Thoroughly delightful little creatures having an awfully hard time…
In some parts, October is known as ‘suicide month’. It’s about the constantly rising temperatures, the lack of rains, the winds, the white heat, and the dust. So much dust. Slowly, day after day, the clouds start appearing, – then disappearing again… Like an ephemeral promise that nature is unable to fulfil. Just when you think you cannot bear it anymore, the heat goes up another notch. Until one morning feels different. The air is cooler when you wake, the dawn is pink with the sun reflecting off scattered clouds and the real promise of rain hangs in the air like a promise of sweet relief. Today feels like that – like the summer rains are imminent. The birds chirp enthusiastically, and in the distance I hear the call of the “Piet-my-Vrou” – the red-chested cuckoo. A little closer I hear the liquid rising and falling call of the Burchell’s coucal – let’s hope the Rainbird lives up to the legend and is indeed heralding the rain.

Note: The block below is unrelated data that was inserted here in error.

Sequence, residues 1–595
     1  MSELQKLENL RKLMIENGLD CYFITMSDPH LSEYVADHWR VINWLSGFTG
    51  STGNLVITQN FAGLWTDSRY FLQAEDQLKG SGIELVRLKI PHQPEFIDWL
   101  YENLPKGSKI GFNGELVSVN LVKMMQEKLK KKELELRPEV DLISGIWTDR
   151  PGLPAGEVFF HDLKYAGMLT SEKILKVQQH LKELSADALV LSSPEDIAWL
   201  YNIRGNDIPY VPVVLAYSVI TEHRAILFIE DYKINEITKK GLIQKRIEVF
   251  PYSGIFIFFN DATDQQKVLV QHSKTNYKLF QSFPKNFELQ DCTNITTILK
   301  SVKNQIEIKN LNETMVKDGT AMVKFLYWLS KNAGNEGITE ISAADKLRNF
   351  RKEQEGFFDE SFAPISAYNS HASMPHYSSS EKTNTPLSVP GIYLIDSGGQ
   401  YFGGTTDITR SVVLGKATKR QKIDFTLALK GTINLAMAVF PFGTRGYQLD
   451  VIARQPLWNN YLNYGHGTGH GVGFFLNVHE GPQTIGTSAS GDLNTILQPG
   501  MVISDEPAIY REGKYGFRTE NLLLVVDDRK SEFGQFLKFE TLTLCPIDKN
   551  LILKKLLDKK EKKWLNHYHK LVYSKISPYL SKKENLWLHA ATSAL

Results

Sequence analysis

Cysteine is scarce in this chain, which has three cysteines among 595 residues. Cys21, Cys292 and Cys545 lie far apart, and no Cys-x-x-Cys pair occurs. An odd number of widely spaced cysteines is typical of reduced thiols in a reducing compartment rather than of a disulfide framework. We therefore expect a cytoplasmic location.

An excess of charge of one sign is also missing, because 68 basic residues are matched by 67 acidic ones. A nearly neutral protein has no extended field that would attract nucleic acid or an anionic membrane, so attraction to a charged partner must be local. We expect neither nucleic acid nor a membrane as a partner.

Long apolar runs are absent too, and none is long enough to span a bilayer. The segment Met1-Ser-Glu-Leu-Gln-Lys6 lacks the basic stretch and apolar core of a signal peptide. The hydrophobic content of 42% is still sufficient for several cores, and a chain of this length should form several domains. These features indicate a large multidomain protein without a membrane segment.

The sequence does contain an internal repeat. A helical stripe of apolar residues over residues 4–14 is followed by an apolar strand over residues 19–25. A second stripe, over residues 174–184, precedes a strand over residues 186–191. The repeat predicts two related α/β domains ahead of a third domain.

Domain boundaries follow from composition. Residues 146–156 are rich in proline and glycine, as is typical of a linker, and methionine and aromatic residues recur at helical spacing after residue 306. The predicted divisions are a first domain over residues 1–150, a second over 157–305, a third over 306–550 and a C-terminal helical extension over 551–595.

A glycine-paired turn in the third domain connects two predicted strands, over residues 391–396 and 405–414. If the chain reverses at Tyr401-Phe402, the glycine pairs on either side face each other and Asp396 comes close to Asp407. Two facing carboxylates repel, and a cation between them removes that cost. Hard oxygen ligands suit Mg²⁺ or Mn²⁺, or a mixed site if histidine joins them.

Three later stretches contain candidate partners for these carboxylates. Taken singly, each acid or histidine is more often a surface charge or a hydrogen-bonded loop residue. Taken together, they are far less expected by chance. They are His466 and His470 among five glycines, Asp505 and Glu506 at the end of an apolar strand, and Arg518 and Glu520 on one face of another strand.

During these trying times, my heart always goes out to the birds, insects and animals. Whilst we are actively able to assist our domestic pets, what happens to the wildlife? More specifically, what happens to bees began to intrigue me. The World Meteorological Organization defines a heat wave as “five or more consecutive days during which the daily maximum temperature surpasses the average maximum temperature by 5 °C or more”. Jozi’s heat began in early October, and only now, more than two weeks later, do the rains and lower temperatures appear to be on the horizon. If you consider that the average life span of worker honeybee ranges from five to seven weeks, two weeks of heatwave is a hugely significant portion of their lives.